“Don’t be ridiculous, it’s got nothing to do with that.”
    “Then what is it?”
    I couldn’t explain it. Somehow, in a highly roundabout way, everything had to do to Janne in the end. But I wouldn’t have said that even under threat of execution.
    “I don’t need any more people gaping at me,” I said.
    Claudia shrugged. “Funerals, birthdays, and weddings have been public events since the dawn of time. There’s no point in fighting it. Get yourself together.”
    I had no idea she could be so harsh.
    My father’s Ukrainian mother-in-law was supposed to land just after midnight.
    “You have a driver’s license?” I asked Tamara incredulously when she started looking for the car keys while continuously checking the flight information on her phone. Then I recalled that a week ago Tamara had probably been totally capable of dealing with life. It was unlikely that my father had led her around by the hand and taken care of everything for her. Even if she was his beloved little girl with the big breasts. Somebody still had to defend the murderers and rapists and earn the money for new garden sculptures.
    “Unlike you,” she said haughtily. “Will you get your license when you turn seventeen?”
    “Go to the airport with her, Marek,” ordered Claudia in a voice that permitted no objections.
    “And what if I say no?”
    “Just do it, Marek,” said Tammy. “If I drive into a tree Claudia will be rid of us both.”
    I couldn’t figure out what had happened. Why the atmosphere had taken such a nosedive and we were no longer a happy grieving family like we had been when I arrived. Why Tammy and Claudia suddenly had to attack each other. An hour earlier they’d been at each other’s throats about the funeral arrangements. Tammy rejected Claudia’s classical music playlist on the grounds that it was old men’s music. She waved two strange-looking CDs and had another one tucked under her arm.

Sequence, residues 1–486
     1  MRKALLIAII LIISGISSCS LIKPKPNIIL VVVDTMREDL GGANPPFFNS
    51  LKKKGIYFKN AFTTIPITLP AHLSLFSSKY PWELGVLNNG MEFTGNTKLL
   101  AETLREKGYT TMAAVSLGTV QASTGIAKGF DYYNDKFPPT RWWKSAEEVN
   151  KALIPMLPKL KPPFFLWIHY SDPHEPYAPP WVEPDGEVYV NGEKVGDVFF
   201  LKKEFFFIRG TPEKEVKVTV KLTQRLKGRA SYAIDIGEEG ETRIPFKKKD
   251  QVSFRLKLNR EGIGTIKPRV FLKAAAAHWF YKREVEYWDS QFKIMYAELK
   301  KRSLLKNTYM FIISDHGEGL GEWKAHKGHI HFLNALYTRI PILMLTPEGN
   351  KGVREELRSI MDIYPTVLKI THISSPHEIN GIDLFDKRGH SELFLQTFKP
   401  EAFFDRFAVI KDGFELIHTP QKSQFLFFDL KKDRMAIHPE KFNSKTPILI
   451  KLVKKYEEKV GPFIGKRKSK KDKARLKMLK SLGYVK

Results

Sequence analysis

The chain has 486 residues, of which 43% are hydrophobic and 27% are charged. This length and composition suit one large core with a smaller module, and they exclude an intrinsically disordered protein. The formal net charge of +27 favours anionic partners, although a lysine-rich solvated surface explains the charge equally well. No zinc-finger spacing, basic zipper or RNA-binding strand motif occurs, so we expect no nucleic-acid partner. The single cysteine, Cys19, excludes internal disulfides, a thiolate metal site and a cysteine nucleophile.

“He was an old man!” said Claudia, using every ounce of her strength to control herself. “He was an old man, and there will be a lot of other old men at his funeral. Colleagues, clients, the mayor for god’s sake.”
    “So? It’s not their funeral.”
    Claudia groaned.
    In the end she won out on the music front. But that meant Tamara got her way with the reception.
    “We’re going to invite everyone here.” She spread her arms out as if she was trying to hug the whole house. “There’s plenty of room here.” And this is my fiefdom and I am in charge here, that’s what it said across her nearly flawless forehead, blemished only by a barely visible worry-crease.
    “And the coffee cake? And the coffee?” Claudia looked away as if it was more than she could handle to have to look Tammy in the eye. “Who will you put in charge of that?”
    “Nobody,” said Tammy. “I’ll make it all myself. With Mama.”
    “For two hundred people?”
    “For a thousand for all I care.”

    “Why are you guys fighting so much?” I asked in the car. I noticed that Tammy had painted her nails black today. She drove like a crazy person and I double-checked several times to make sure I had my seat belt on. I still had my whole life ahead of me. “I mean, up to now it’s been all peace and love and pancakes between you. You were so nice to each other.”
    “What?” She hadn’t been listening to me.
    “Don’t give my mother such a hard time, Tammy, she’s at the end of her rope,” I said a bit louder.
    She bit her lip.
    “I know that things aren’t so easy for you either,” I said diplomatically.
    She turned her face toward the window. Given that she was going 120 miles per hour it was a bit worrisome.
    “Keep your eyes on the road, I don’t want have an accident.”
    “It’s not like you could get much worse,” she said.
    “Go ahead and speak your mind, I don’t care.”
    She turned her face back toward me. There were tears in her eyes and I couldn’t understand what the source of the tears could be. Her mother was arriving, was that a reason to cry?